It’s important to keep in mind that practicing isn’t limited to dedicated alone time with your bass. There are many ways to expand your musical knowledge beyond your practice sessions. Listening to the bass parts from songs on the radio is a great way to get to know the feel of different styles of music. Pay attention to TV, too - lots of jingles and theme songs rely heavily on the bass. You can also practice in your head - thinking over fingerings and scales is a great way to pass the time on your morning commute. These all count towards practicing.
9.) Know where your long-term musical aspirations stand.
It’s also important to keep your long-term relationship with music in mind. What are your goals as a musician over time? Are you a hobbyist, or are you considering music as a career? What types of music do you enjoy and want to learn? While these answers can change over time for each person, they are important factors in shaping your practice habits. If you are learning for passion and pleasure, stressing out about a regimented practicing schedule can dampen the fun. On the other hand, if you’re auditioning for a touring band next week, taking a carefree approach to your practicing can doom you. Knowing where you stand will help keep your routine in line with where you are as a player, and keep your musical experience as fun and productive as possible.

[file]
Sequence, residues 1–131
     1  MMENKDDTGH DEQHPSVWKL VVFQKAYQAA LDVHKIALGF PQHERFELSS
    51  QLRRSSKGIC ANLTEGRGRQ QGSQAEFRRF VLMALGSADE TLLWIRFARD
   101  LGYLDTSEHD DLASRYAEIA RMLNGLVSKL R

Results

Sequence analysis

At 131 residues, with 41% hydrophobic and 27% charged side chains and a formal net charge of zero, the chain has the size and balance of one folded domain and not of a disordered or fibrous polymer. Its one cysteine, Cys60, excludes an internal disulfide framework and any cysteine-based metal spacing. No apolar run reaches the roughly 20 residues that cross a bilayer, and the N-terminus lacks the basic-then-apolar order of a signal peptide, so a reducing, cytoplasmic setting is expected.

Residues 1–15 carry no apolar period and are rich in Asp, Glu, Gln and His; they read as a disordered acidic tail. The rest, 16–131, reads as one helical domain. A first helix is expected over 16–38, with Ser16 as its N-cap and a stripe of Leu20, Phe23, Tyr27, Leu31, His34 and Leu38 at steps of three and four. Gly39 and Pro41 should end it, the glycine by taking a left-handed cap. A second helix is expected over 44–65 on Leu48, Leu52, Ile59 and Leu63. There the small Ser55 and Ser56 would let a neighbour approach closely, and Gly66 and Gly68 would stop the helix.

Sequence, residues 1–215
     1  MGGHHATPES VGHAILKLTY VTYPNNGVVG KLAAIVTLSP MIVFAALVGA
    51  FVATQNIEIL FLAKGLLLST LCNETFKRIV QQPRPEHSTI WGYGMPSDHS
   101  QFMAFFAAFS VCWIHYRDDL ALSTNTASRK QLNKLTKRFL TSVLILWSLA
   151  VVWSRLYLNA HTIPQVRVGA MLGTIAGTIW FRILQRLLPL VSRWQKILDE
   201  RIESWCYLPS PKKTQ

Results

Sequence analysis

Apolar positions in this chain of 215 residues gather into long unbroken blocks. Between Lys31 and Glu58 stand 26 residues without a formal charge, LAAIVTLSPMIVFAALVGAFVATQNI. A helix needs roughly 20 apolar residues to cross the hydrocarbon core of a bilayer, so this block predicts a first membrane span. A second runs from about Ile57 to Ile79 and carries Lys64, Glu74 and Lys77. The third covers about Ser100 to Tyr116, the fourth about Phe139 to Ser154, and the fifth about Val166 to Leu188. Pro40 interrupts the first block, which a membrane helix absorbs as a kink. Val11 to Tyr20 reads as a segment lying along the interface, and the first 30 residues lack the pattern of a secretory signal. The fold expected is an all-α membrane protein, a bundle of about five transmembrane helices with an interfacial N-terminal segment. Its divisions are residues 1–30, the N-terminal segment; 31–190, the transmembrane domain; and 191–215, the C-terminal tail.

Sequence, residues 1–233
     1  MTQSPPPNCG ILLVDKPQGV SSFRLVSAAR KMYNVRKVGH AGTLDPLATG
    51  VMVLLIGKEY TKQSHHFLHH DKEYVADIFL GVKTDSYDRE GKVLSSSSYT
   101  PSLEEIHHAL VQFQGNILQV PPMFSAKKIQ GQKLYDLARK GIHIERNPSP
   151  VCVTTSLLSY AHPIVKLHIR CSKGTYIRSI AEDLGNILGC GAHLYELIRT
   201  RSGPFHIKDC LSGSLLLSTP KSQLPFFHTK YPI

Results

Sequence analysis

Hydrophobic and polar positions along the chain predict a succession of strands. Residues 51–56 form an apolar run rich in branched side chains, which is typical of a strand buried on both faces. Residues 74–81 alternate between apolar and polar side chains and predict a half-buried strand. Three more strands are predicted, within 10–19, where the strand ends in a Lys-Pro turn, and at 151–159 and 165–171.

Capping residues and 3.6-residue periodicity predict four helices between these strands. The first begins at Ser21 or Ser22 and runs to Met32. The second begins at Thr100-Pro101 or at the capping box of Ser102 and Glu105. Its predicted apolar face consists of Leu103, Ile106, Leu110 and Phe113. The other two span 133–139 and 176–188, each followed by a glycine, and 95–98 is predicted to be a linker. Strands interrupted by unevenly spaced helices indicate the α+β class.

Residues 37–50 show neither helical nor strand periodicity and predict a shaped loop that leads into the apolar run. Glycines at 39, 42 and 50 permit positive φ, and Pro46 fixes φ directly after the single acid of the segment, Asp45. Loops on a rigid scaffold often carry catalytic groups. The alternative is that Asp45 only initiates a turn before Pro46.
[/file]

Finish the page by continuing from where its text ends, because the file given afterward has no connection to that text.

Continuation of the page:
10.) Have fun.
While there are many things that I can say about practicing, I still herald this as the most critical. Whether you’re a seasoned pro musician or just picking up a bass for the first time, music should be one thing
first and foremost - fun. Never lose sight of this. If you find yourself having a bad time while practicing, just stop for a bit. No good comes out of stress and frustration, especially not when it comes to
your playing. Staying positive and staying inspired will ensure you a long and wonderful musical journey.
I know that just hanging out and playing bass is one of my favorite things to do, and I hope it is for you too. But taking time and getting a solid practice routine going is invaluable for becoming a great musician. I hope the tips in this article help you to accomplish this - they’ve certainly worked well for me. Just remember to sit back, relax, and enjoy this wonderful instrument to its fullest potential. And - most importantly - have fun!
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Thanks for reading.
Thanks for reading! Have fun with this weekend and be sure to leave any questions or comments you might have in the comments below!